Trump muses about pardoning Martha Stewart and Rod Blagojevich

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Trump announced on Twitter his decision to pardon pundit and filmmaker Dinesh D'Souza, who pleaded guilty in 2014 to U.S. campaign finance law violations and was an outspoken critic of Democratic former President Barack Obama, saying he had been "treated very unfairly by our government!"

President Donald Trump is considering a pardon for famed businesswoman Martha Stewart and a commutation for former IL governor Rod Blagojevich's sentence, the president told reporters aboard Air Force One Thursday.

She was convicted on felony charges related to insider trading back in 2004, and served five months in prison. Full transcript of that part to come, but Trump said he is strongly considering a commutation of the rest of former Illinois Gov. Rod Blagojevich's sentence.

Stewart was convicted in 2004 for lying to investigators and obstruction of justice pertaining to a stock sale, while Blagojevich is now serving out a 14-year sentence for trying to exchange an appointment for the U.S. Senate seat former President Barack Obama vacated in 2008 for campaign funds.

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It's not clear when the president will make an official announcement on the pardons. "But that's okay, I don't view it that way".

The federal prosecutor who oversaw Stewart's case in NY was James Comey, one of Trump's principal antagonists and the man he fired as FBI director previous year. After his fall from grace, but before being jailed, the former Democratic Illinois governor always seemed to have been in Trump's good graces.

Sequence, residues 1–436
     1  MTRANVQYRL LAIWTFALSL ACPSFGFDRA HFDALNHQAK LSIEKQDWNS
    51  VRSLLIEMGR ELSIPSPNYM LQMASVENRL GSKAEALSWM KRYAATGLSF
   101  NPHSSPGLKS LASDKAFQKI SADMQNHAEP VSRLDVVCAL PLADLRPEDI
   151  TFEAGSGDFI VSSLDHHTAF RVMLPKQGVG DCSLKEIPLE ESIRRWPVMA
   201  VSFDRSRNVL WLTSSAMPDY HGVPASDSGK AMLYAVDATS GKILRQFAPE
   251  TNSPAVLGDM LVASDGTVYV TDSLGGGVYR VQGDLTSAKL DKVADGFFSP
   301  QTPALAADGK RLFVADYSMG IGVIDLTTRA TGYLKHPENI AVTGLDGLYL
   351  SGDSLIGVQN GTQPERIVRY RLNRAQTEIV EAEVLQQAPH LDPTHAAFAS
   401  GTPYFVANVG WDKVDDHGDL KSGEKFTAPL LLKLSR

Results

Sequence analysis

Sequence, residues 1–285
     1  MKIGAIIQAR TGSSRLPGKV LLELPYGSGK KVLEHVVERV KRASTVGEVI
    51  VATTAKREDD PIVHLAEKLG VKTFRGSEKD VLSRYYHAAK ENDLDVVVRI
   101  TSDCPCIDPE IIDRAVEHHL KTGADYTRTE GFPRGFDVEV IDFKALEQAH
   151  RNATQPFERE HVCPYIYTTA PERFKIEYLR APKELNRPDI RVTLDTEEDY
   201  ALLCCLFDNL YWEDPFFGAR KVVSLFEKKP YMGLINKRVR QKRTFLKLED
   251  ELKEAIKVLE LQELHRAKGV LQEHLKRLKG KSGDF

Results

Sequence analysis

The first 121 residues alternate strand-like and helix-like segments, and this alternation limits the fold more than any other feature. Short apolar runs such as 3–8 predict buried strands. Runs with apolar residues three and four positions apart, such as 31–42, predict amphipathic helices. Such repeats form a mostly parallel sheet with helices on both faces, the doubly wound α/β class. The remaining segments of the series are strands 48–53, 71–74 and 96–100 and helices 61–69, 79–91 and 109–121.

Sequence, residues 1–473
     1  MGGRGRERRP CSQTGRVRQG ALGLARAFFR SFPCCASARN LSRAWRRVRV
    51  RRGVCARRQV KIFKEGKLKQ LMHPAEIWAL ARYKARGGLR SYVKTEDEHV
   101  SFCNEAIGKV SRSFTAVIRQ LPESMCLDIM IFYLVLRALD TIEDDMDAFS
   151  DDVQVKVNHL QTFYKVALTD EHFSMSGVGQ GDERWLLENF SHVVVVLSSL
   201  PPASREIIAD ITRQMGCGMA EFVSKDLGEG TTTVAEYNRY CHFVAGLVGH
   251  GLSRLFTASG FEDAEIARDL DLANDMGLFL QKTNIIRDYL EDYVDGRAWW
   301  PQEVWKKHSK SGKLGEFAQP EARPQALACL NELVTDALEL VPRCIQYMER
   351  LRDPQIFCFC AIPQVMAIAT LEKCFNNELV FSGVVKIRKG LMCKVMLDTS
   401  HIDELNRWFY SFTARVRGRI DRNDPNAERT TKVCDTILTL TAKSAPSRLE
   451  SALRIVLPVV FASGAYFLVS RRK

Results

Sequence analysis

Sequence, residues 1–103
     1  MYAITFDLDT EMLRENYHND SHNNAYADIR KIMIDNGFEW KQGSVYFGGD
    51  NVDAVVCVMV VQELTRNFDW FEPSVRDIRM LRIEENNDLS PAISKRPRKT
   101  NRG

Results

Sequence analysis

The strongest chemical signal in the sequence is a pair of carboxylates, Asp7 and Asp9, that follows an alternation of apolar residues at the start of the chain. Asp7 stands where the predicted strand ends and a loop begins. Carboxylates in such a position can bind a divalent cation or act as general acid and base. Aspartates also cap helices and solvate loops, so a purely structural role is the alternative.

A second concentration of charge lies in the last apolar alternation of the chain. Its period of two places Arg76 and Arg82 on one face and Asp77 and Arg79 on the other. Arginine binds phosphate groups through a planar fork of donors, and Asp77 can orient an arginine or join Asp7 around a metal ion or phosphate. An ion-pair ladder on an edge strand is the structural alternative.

"My husband.is serving more time than any other politician for charges that have to do with simply fundraising", Patti Blagojevich said on Fox News. Blagojevich was also a contestant on Trump's "Celebrity Apprentice" reality television show in 2010.

Trump: "Only because, only because of I felt from I don't know him, I never met him, I called him last night first time I've ever spoken to him I said I'm pardoning you". "If you read his statement, it was a foolish statement with a lot of bravado".

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The White House said in a statement on Thursday that Trump believed that D'Souza, a staunch ally of the president, had been the "victim of selective prosecution for violations of campaign finance laws" and that he "accepted responsibility for his actions".

He retweeted Trump's tweet about the forthcoming pardon but did not immediately respond to an emailed request for comment sent to his media company, D'Souza Media.

D'Souza was prosecuted by Preet Bharara, a former U.S. Attorney in NY who became a bitter Trump opponent after the president fired him, along with dozens of other federal prosecutors, upon taking office.

On Thursday, D'Souza thanked Trump in Twitter posts that also slammed Bharara.

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